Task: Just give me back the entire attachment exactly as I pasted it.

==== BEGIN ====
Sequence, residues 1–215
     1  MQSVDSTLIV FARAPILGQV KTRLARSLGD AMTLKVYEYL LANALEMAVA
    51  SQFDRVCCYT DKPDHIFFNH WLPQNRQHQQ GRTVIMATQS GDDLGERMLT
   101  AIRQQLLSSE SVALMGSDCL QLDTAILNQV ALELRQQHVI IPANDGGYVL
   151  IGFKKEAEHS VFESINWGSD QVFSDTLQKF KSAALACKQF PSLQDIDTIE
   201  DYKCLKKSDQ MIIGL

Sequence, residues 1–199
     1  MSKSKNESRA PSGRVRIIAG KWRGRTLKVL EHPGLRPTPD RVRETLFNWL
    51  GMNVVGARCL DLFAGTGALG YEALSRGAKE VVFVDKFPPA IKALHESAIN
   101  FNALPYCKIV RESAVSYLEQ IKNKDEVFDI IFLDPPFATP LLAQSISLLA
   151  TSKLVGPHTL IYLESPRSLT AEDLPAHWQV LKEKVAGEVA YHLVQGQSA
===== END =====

Sequence, residues 1–215
     1  MQSVDSTLIV FARAPILGQV KTRLARSLGD AMTLKVYEYL LANALEMAVA
    51  SQFDRVCCYT DKPDHIFFNH WLPQNRQHQQ GRTVIMATQS GDDLGERMLT
   101  AIRQQLLSSE SVALMGSDCL QLDTAILNQV ALELRQQHVI IPANDGGYVL
   151  IGFKKEAEHS VFESINWGSD QVFSDTLQKF KSAALACKQF PSLQDIDTIE
   201  DYKCLKKSDQ MIIGL

Sequence, residues 1–199
     1  MSKSKNESRA PSGRVRIIAG KWRGRTLKVL EHPGLRPTPD RVRETLFNWL
    51  GMNVVGARCL DLFAGTGALG YEALSRGAKE VVFVDKFPPA IKALHESAIN
   101  FNALPYCKIV RESAVSYLEQ IKNKDEVFDI IFLDPPFATP LLAQSISLLA
   151  TSKLVGPHTL IYLESPRSLT AEDLPAHWQV LKEKVAGEVA YHLVQGQSA